In The Heat Of The Night

When wealthy businessman Phillip Colbert is found dead by a patrolling policeman in Sparta, Mississippi, Officer Sam Wood (Warren Oates) immediately assumes that the African American found loitering at the train station with excess cash in his wallet is the prime suspect, and his chief, Gillespie (Rod Steiger) is inclined to agree. That is until they discover the man, Virgil Tibbs (Sidney Poitier), is an acclaimed and learned homicide detective from Philadelphia, who had been waiting for a connecting train after visiting his mother. After being prejudiced against and treated poorly, Tibbs wants nothing more than to catch his train and head home, but his own captain insists he stay and, when Colbert’s widow (Lee Grant) makes the same demand after Tibbs shows more detective skills than the Sparta force, Tibbs and Gillespie have no choice but to work together until the case is solved.tibbs Continue reading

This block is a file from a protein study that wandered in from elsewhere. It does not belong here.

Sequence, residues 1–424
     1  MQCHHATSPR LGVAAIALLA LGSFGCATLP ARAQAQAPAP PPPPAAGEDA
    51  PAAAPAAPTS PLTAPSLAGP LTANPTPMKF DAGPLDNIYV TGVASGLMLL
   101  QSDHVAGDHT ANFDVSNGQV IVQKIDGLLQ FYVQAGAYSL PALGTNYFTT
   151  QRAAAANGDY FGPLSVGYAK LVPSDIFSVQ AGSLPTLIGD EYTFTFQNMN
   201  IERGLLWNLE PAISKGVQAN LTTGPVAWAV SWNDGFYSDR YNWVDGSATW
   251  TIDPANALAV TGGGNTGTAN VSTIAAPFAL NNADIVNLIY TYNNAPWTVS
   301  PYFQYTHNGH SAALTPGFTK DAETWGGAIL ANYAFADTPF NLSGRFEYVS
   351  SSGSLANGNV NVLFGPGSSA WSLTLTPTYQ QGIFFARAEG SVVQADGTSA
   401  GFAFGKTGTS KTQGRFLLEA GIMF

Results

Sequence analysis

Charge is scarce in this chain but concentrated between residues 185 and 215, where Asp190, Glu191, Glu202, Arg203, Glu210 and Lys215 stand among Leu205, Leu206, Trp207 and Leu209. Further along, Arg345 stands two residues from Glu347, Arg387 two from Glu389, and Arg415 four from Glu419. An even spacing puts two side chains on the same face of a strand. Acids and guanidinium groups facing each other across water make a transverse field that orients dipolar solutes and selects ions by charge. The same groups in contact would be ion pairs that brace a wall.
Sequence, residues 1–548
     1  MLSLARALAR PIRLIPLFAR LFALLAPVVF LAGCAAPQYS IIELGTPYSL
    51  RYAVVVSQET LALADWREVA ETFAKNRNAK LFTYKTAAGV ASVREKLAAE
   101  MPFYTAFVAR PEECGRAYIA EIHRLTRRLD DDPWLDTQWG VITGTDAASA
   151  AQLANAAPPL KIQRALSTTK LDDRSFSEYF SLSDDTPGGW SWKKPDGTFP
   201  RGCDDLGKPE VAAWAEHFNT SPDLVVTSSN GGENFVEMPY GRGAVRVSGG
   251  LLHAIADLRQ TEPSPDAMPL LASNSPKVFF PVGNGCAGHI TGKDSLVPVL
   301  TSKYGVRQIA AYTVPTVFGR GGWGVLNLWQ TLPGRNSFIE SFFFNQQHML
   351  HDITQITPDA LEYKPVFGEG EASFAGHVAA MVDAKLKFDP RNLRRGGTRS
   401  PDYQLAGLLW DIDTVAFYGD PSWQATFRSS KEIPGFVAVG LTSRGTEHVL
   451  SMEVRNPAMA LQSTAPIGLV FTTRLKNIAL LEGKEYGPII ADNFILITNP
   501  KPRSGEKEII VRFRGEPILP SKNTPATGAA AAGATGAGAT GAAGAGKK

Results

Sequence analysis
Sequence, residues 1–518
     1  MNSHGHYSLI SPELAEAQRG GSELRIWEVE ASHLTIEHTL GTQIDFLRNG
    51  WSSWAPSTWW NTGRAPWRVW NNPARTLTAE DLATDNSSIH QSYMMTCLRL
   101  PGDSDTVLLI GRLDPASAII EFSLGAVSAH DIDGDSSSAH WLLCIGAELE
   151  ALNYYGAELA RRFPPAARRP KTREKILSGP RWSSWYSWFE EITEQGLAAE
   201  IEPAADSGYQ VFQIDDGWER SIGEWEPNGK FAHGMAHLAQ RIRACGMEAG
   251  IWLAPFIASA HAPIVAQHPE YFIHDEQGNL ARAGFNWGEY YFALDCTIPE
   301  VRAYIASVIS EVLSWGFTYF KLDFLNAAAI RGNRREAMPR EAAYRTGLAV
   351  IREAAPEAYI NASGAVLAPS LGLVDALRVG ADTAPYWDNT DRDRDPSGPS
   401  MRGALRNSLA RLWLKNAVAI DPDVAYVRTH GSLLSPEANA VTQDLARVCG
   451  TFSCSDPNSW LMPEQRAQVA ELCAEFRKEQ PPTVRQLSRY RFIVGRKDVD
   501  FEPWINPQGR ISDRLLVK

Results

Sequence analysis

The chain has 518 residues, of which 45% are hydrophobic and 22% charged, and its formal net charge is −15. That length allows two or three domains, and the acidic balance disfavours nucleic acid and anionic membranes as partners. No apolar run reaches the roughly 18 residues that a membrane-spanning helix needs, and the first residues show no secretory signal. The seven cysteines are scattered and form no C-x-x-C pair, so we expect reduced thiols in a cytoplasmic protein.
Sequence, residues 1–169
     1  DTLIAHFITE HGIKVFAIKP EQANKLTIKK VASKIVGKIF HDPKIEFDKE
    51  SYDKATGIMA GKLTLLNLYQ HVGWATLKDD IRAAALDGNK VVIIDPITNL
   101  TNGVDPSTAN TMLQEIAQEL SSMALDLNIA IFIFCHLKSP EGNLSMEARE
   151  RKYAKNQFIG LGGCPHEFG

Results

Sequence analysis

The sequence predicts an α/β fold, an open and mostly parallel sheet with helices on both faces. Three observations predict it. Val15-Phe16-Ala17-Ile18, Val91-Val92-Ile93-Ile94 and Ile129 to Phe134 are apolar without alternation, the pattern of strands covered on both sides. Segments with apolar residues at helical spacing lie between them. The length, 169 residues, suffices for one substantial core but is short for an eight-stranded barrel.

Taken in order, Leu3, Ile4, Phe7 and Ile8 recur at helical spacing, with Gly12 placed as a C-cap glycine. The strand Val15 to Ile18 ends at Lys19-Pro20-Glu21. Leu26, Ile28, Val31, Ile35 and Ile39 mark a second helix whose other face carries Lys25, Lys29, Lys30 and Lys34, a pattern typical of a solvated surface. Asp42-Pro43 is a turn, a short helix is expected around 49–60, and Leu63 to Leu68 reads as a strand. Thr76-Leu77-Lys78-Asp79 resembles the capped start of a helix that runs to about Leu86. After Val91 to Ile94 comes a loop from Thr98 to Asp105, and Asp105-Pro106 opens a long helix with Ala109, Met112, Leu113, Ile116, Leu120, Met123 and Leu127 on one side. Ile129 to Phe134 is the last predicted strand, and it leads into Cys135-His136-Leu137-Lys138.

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Oklahoma!

This review was originally written as part of my USA Road Trip series for French Toast Sunday.

Curly (Gordon MacRae) loves Laurey (Shirley Jones), but pretends he doesn’t. Laurey loves him right back but is too stubborn to say so. Jud Fry (Rod Steiger) the farmhand lusts for Laurey too. Laurey’s friend Ado Annie (Gloria Grahame) is betrothed to Will Parker (Gene Nelson), but he can’t get Annie’s father’s permission until he has at least $50 to his name. Whilst Will has been earning the money in Kansas City, Annie has blossomed somewhat as a woman, and found herself with plenty of suitors, believing her most recent conquest, travelling salesman Ali Hakim (Eddie Albert), wants her for his wife. Laurey’s Aunt Eller (Charlotte Greenwood) watches everything with a wry smile and a disapproving eye, making remarks that aren’t funny, but which everyone in the film laughs raucously at anyway. Also: everyone sings.
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